Black says sales of three items are-not-subject to the sales tax.
Those are the sales of vehicles, prescriptions and food.

Updated: 12/19/2014 5:45 P.M.

Home rule is now in effect in Vienna. City Council approved it Thursday night.

While the home plan went into effect immediately, Mayor Randy Rapp says the city intends to educate the public on provisions including regulations on tow trucks and dealing with hazardous spills.

The city will start to sell off some equipment it doesn't need.

"One of the other provisions in play was the ability to get rid of excess equipment, but through the sealed bid process rather than a live auction, Mayor Rapp says. "We do have a Dodge Durango we were going to put up by sealed bid so we can get it out of our inventory."

As is the case with Parkersburg's home rule plan, Vienna's one per cent sales tax won't go into effect right away.

It's due to begin July first.

Updated: 12/1/2014 5:30 P.M.

Representatives from eight of the Home Rule cities in West Virginia received permission to impose a sales tax at a special meeting Monday morning in Fairmont.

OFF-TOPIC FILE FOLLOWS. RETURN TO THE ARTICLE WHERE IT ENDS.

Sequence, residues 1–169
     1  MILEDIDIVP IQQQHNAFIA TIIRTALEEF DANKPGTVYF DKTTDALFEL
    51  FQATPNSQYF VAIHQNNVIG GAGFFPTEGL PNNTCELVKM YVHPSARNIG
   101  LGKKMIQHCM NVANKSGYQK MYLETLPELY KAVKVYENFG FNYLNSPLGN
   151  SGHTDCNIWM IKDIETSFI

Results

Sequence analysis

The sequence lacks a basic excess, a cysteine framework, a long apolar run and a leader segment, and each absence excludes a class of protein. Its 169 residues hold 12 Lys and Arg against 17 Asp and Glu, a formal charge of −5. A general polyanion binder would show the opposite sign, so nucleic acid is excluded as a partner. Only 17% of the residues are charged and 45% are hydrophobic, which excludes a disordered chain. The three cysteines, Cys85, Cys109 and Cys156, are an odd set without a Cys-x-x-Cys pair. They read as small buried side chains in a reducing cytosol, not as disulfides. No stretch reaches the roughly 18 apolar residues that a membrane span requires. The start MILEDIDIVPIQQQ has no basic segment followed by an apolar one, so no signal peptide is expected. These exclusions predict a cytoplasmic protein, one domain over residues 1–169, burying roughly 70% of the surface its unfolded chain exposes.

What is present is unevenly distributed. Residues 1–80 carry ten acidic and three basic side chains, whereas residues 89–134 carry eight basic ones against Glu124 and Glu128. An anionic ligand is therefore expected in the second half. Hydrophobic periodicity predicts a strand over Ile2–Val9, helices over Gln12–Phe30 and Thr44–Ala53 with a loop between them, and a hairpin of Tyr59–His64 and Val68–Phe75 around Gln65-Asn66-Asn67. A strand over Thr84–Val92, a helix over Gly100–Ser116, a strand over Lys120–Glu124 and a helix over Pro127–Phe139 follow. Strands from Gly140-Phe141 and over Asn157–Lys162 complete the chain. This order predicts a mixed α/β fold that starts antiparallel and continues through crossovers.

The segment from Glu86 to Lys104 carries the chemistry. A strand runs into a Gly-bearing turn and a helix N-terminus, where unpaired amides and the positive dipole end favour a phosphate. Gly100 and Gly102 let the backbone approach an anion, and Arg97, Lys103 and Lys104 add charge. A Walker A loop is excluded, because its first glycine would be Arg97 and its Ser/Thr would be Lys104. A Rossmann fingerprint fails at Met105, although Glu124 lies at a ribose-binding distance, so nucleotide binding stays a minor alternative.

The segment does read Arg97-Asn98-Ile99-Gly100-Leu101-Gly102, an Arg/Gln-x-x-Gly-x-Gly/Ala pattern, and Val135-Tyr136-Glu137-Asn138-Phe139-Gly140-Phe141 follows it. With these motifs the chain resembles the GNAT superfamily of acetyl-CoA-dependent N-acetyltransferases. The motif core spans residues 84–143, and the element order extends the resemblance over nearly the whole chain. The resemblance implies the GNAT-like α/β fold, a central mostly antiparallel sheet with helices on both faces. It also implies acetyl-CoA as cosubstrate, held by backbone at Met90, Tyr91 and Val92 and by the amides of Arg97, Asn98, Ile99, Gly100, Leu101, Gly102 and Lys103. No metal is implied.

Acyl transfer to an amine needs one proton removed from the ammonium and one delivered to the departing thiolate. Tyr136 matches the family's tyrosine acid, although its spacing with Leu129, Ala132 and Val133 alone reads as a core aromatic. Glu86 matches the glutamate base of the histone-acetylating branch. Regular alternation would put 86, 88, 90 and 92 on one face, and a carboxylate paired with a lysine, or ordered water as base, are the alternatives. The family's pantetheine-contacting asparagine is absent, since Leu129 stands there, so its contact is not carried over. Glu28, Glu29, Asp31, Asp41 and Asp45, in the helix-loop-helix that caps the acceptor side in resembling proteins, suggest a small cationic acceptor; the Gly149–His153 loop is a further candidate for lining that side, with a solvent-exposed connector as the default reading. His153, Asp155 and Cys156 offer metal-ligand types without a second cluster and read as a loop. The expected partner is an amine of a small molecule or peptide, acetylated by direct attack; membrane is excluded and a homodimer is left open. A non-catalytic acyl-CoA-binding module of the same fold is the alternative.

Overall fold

Parkersburg Mayor, Bob Newell, and Vienna Mayor, Randy Rapp, wereamong those at the meeting.

Each city had to present their plan and prove that they followed the required steps including a public hearing at city council and a 30 day period for public comment.

Parkersburg and Vienna both received unanimous approval to enact a 1% sales tax.

Mayor Newell says it's a good thing for the city and it allows them to reduce the Business and Occupation tax.

"We have eliminated the B&O tax on utilities, on gas and electric. Therefore every resident inside the city, every business inside the city will have a 2-3% reduction in their utility bills which really outweighs the 1% tax on sales," says Newell.

The sales tax will go into effect on July 1st. Newell says it will probably be a few quarters before the city starts collecting any of that from the state.

City council also has to vote to approve the sales tax at the next two council meetings.

Updated: 11/14/2014 4:40 P.M.

The Home Rule board's approval of Parkersburg to take part in the program was not the last step in that process.

The next step: a public hearing on the plan at this Tuesday's city council meeting.

No action will be taken on the plan at that time.

But it goes back to the home rule board for further action after its December meeting.